I found the following paragraph, Community Reintegration of Ebola Survivors, perhaps the most significant in the report:

To prepare communities for the return of Ebola survivors and minimize potential stigmatization, Firestone established a survivor reintegration program. The program consisted of community education, whereby members of the reintegration team explained that the survivor had been declared Ebola-free and no longer contagious, and a survivor welcome celebration. The celebrations were prepared by the community with assistance from the reintegration team and attended by MOHSW, Firestone staff, and clergy. Each survivor was presented a medical certificate and an opportunity to share his or her experience. The celebrations were broadcast on radio and recorded for future programs for Ebola education in the community. In addition, Firestone donated a solidarity package to the survivor, which included essential household items (e.g., mattress, bedding material, and mosquito net).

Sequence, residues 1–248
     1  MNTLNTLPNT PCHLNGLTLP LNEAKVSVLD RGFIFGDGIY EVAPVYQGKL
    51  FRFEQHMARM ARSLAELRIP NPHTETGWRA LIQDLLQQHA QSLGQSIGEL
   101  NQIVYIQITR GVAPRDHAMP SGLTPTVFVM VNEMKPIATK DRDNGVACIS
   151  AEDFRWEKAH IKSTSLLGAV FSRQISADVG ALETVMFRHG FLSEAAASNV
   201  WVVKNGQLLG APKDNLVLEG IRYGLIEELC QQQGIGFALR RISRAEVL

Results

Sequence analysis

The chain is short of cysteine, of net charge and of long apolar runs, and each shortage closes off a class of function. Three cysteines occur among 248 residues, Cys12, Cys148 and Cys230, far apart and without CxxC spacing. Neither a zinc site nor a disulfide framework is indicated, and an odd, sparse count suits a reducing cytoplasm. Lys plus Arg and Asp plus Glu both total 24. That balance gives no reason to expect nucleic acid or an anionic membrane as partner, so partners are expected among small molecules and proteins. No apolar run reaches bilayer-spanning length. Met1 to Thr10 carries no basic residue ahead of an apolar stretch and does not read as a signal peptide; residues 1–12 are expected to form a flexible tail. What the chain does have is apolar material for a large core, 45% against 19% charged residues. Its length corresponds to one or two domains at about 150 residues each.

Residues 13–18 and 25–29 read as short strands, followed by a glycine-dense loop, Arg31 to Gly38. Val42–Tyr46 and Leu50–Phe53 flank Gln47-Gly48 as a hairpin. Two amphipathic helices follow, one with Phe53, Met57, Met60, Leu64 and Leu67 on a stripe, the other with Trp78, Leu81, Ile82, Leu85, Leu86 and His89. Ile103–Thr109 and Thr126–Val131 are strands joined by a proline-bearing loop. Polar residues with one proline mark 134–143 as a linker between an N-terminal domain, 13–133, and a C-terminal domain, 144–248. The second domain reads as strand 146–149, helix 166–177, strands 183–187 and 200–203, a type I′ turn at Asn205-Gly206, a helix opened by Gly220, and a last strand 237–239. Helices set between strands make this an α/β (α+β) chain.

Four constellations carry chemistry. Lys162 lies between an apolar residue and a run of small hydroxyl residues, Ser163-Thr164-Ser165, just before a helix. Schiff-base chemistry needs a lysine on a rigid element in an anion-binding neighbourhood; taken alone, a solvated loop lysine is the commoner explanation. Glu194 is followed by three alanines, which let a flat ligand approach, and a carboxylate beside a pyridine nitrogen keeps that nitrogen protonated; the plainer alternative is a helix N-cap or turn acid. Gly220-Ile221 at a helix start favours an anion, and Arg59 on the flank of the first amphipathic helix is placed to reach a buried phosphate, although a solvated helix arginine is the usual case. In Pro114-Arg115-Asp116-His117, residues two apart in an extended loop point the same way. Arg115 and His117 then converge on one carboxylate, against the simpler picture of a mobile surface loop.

Among all our discussion of virus fatality, transmission, virulence, fomites, and vaccines, we should remember that people are contracting the virus. At all stages of disease they need to be treated with humanity.

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SkinI received this question about Ebola virus infection via email:

Can you become infected if infected droplet lands on your skin even if there is no abrasion on the skin? I am now hearing this, which surprises me. The virus can enter through the actual skin and does not need mucus membrane to enter?

The skin of most animals is an effective barrier against viral infections. The outer layer of human skin, called the stratum corneum, consists of a layer of dead, keratinized cells (illustrated). Viruses cannot replicate in, or be transported across, dead cells. Therefore any virus that lands on the skin cannot simply replicate in the outer layer or be transported to the underlying living cells.

However, viruses can pass through the dead layer of the skin through cuts or abrasions. Many activities, such as shaving, or even scratching, lead to microabrasions. It is relatively easy to breach the dead layer of cells with a fingernail, and such abrasions cannot be seen.